The findings presented here are drawn from a larger doctoral research project conducted at Robert Gordon University, Aberdeen. This research investigated UK online resources and local studies collections from the perspective of family historians (users), to establish how to make the added value of these local studies collections more visible, and encourage increased engagement from those who cannot visit in person. Harvey (1992) summarised issues in genealogical library provision as 'the subject and its sources, the people, and the librarian's response' (p. 8). His definition provided the basis for the three central foci and three corresponding aims of the project:
- Users: to investigate the information seeking strategies and information literacy competencies of family historians in respect to online resources.
- Resources: to identify, examine, and categorise sources of, and services for, e-family history within the United Kingdom.
- Local Studies: to formulate methods by which local studies collections can more visibly enhance and add value to online and family community engagements.
The research questions relevant to this section of the project were:
- to understand the phenomenon of e-family history research from the perspective and context of its actors,
- to try to ascertain the nature, structure and shape of family historians' online research behaviour, and
- to evaluate information literacy and information-seeking competencies of family historians.
This study examined research behaviour from a user-centred perspective, the importance of which has been emphasised by both Dervin (1992) and Kuhlthau (1991). Dervin's (1992) sense-making focuses on user behaviour, and how people make sense of their experiences, discovering what is 'real to them'. Kuhlthau's (1991) information search process goes through stages of initiation, selection, exploration, formulation, collection, and finally presentation. Over the course of the process, user thoughts develop from general and vague, to the much more clearly focused. Affective elements also change, from high levels of anxiety and uncertainty at the outset, through initial confusion and frustrations as topics are explored, to increased confidence and satisfaction at a successful conclusion of the search.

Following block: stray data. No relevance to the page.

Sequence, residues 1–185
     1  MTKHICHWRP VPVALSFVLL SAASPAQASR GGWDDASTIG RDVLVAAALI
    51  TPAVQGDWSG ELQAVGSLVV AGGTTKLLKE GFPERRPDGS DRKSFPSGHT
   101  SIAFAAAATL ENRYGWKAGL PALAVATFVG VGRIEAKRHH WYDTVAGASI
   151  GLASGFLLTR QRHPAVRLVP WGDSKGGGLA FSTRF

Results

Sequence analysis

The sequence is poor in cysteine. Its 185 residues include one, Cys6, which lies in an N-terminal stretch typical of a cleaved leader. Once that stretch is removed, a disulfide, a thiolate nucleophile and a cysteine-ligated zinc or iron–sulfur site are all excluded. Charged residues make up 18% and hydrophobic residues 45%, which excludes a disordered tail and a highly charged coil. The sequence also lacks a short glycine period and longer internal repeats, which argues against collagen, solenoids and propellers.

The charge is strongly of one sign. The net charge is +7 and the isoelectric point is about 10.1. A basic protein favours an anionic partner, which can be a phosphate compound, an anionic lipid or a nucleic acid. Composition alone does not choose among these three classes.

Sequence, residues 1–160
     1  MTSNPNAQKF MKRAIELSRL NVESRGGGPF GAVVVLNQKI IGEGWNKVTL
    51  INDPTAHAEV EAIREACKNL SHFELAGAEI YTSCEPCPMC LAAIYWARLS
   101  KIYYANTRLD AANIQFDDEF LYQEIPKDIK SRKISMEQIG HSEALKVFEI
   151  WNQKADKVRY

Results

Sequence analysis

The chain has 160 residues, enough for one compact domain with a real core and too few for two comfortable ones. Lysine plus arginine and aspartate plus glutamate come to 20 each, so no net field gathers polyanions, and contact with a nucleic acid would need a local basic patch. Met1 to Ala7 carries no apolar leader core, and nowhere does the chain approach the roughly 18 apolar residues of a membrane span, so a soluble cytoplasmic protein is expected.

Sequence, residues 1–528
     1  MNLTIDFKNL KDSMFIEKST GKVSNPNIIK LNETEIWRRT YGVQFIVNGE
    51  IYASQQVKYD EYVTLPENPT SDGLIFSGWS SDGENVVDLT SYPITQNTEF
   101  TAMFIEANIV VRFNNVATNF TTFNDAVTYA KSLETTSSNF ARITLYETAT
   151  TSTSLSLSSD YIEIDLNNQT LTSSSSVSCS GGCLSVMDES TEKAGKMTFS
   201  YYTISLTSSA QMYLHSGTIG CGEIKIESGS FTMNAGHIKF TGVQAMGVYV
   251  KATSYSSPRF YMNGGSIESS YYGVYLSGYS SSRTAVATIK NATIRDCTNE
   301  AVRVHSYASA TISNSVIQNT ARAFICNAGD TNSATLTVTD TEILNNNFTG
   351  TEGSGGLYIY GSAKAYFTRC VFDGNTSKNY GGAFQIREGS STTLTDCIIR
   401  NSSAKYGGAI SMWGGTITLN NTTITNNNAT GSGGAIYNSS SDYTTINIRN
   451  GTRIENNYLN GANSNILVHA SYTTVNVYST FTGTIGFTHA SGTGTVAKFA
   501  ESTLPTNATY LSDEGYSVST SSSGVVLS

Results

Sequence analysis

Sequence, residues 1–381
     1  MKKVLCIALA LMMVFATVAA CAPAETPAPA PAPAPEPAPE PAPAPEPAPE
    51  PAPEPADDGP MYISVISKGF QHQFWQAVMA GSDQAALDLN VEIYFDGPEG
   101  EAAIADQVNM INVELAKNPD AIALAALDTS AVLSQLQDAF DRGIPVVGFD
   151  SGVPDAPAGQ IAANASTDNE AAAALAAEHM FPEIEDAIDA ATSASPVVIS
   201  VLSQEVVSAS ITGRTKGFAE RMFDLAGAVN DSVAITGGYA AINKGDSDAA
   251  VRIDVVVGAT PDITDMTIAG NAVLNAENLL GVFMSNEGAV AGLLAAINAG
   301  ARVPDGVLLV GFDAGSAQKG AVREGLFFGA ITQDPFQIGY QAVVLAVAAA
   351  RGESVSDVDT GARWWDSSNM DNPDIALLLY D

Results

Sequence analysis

Savolainen (1995) was one of the first to discuss everyday life information seeking and to highlight its importance against the predominant studies of workplace and academic information seeking processes. He identified two major dimensions: the seeking of orientating (monitoring, day-to-day awareness), and practical (to answer a particular question or problem) information. Spink and Cole (2001) differentiate occupational or academic information-seeking from everyday life information seeking as taking place in a more controlled environment, with definite beginning and end points, and ending in a tangible end product. Everyday life information seeking in contrast 'is fluid, depending on the motivation, education, and other characteristics of the multitude of ordinary people seeking information for a multitude of aspects of everyday life' (Spink and Cole, 2001, p. 301).
Ellis (1989) identified six main characteristics in his information behaviour model: starting, identifying an overview or key authors or studies in a particular area; chaining, following citations or similar trails, both forwards and backwards; browsing through relevant systems; differentiating, or filtering material; monitoring, maintaining current awareness; and systematically extracting the relevant materials. Subsequent work (2005) identified that verifying and ending also took place. Bates (1989) in her model described the concept of berrypicking techniques, analogous with harvesting berries in the wild. 'Each new piece of information they encounter gives new ideas and directions to follow and, consequently, a new conception of the query. At each stage they are not just modifying the search terms in order to get a better match for a single query. Rather the query itself (as well as the search terms used) is continually shifting...an evolving search' (1989, p.409-410). Searches, sources, search terms and strategies change and depend 'on the particular need' (p.413) at that particular moment.